Where African Students Go When They Choose to Study Abroad

It is a surefire way to make the most of your travel and academic experiences to decide to finish your degree abroad, whether it is for undergraduate or postgraduate studies.


It can be exhausting to consider where to get a degree overseas because you will have many possibilities, but you must constantly search for the finest.

Around the world, there are many wonderful locations, some of which charge their students little or free tuition.

This article discusses lots of places where African Students go when they choose to Study Abroad, read on to find out where these places are!

Countries Where African Students Go To

Wittenborg University in Gelderland, Netherlands – currently has 34 African students, ranging from countries such as Zimbabwe, Cameroon, and Nigeria to Libya.


However, a recent study by Campus France has yielded interesting answers regarding the issue of African student mobility.

France has been the destination for students from Africa for many years. And although it is still the most popular – 29% of all 380 376 African students studying abroad –

Campus France’s report indicates that South Africa is rapidly gaining control of France, raising the question of whether Africa is becoming more attractive for African students.

South Africa is not only beautiful as the second most popular academic destination for African students.

It also has the highest growth rate. Between 2006 and 2010, there was a decrease of 1% in the number of African students in France. And an increase of 28.8% in the countries that had opted for South Africa.


The Current Most Popular Countries For African Students

  • France (29.2%)
  • South Africa (15.1%)
  • Great Britain (9.7%)
  • United States (9.7%)
  • Germany (4.7%)
  • Malaysia (3.9%)
  • Canada (2.9%)
  • Italy (2.0%)
  • Australia (2.0%)
  • Morocco (1.8%)
  • Angola (1.7%)

The report notes that those who leave generally want to “broaden their cultural and intellectual horizons, or find knowledge and skills to give them a competitive advantage in the labor market.”

African students usually leave their country because the universities do not have sufficient resources.

The Netherlands recently adopted its Modern Migration Policy Act, which simplifies the application procedures for students who want to study here.

Also, the Cabinet will also present an extensive plan in the autumn about binding talented, international students in the Dutch economy, said the minister of education, Jet Bussemaker, last month.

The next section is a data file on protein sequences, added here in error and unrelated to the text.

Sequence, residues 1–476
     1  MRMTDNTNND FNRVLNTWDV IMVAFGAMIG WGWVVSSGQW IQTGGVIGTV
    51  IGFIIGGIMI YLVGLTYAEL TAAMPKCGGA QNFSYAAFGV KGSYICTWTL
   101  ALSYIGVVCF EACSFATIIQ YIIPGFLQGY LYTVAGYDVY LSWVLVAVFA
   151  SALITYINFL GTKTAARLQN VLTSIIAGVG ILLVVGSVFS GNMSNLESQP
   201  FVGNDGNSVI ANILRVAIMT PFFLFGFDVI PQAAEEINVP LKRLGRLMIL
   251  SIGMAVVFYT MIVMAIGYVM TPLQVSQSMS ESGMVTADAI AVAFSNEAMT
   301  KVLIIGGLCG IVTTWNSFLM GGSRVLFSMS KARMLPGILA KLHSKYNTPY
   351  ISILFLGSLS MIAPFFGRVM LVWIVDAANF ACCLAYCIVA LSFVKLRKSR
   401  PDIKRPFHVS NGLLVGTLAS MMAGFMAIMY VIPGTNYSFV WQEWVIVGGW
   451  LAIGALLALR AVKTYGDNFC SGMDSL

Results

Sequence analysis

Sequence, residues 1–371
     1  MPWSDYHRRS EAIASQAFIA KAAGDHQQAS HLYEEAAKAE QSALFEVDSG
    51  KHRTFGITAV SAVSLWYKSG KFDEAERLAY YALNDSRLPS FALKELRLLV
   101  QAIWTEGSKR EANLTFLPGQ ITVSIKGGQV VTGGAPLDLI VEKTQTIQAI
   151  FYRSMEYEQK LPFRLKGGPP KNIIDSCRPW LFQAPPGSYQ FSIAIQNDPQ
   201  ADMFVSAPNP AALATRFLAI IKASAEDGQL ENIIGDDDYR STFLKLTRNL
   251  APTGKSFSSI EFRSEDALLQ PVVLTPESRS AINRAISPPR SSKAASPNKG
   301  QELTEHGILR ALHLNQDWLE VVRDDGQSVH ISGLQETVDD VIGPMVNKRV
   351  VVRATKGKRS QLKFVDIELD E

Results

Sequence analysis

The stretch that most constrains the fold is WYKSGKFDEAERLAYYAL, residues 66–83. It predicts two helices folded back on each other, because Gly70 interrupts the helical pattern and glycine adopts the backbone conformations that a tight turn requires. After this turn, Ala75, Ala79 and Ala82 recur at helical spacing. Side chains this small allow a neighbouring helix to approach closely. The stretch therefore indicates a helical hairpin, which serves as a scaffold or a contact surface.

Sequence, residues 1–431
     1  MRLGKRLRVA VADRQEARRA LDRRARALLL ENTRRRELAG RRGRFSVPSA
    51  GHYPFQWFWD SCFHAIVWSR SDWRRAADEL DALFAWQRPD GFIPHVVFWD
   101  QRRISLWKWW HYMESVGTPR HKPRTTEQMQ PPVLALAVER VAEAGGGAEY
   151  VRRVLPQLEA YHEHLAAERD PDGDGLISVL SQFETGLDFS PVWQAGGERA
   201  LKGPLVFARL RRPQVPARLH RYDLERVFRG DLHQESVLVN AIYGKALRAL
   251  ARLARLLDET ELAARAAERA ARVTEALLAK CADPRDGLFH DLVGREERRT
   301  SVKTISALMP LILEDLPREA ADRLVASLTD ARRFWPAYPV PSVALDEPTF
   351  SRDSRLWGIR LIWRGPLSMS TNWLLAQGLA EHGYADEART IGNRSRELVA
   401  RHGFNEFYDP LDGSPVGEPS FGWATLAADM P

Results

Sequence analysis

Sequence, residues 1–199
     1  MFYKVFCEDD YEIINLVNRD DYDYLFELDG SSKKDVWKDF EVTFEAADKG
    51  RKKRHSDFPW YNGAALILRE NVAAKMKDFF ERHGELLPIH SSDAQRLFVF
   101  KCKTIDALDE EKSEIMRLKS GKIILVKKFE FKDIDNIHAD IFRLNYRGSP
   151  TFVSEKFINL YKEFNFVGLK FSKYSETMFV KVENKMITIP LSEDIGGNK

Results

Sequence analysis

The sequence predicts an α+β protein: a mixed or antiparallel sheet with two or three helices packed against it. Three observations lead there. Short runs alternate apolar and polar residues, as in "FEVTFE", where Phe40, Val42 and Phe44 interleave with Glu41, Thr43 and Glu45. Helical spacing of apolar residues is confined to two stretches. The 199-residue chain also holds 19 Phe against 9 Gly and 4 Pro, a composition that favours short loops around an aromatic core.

In addition to South Africa, the Campus France report also revealed that Morocco and Angola are emerging as famous academic regions.

The Reasons For This Increase

South Africa – which mainly deals with students from English-speaking countries such as Zimbabwe, Namibia, Botswana, and Lesotho – is described as “less bureaucratic” than Europe or the US when it comes to obtaining visas.

It is also seen as “accessible, dynamic and stable” and also less expensive. The public universities are of high quality.

Furthermore, South Africa has developed massive online open courses (MOOCs), and distance learning programs represent 40% of the education published by universities.

Morocco, which welcomed 6,996 African students from abroad in 2010, hopes to attract more by offering a high-quality system.

Including well-accredited private institutions and affiliates from French and other foreign universities, at a lower cost to students than in Europe.

Courses are diverse, and the disciplines that students mostly choose from other African countries include medicine, engineering, and administration.

Angola, with 6,530 foreign students in 2010, focuses primarily on those of its Portuguese-speaking neighbors Cape Verde and São Tomé and Príncipe.

Followed by students from the Democratic Republic of Congo, Guinea-Bissau, and Mozambique. According to the report, it is intended to fill in gaps in students’ domestic higher education systems.

Top Countries Of Origin For African Students Studying Abroad

  • Morocco (11.3%)
  • Nigeria (10.2%)
  • Algeria (5.9%)
  • Cameroon (5.3%)
  • Zimbabwe (5.2%)
  • Tunisia (5.1%)
  • Kenya (3.5%)
  • Senegal (3.1%)
  • Egypt (3.1%)
  • Botswana (2.3%)

The report also reported China’s growing influence on Africa, even in the academic field.

China is Africa’s largest economic partner, followed by France and the US.

In 2000, in addition to other measures, China announced the establishment of cultural and linguistic centers in Africa – the Confucius Institutes.

Increasing scholarships for Africans, mainly in the fields of medicine, agriculture, languages, education, economics, and management.

There are now 387 Confucius institutes in 94 countries. 31 of them at universities in Benin, Botswana, Cameroon, Egypt, Ethiopia, Ghana, Kenya, Liberia, Madagascar, Mali, Morocco, Nigeria, Rwanda, Senegal, South Africa, and Sudan. , Togo, Tunisia, and Zimbabwe.

According to the Student Registrar Santosh Aryal, Wittenborg University received some students from Africa in 2004. But since 2007, African students have continued to grow.

34 of the 200 students are currently a significant part of the student community in our growing management institute! We look forward to welcoming more students from African countries!


One of the most beautiful and magnificent continents in the entire world is Africa. There are around 54 countries in Africa, making it difficult and tiresome to organize a trip or study abroad.

Around the globe, there are numerous travel locations that welcome and value African students.

We hope this article was helpful to all African Students wishing to travel abroad to study, they can readily pick from the different countries mentioned above.


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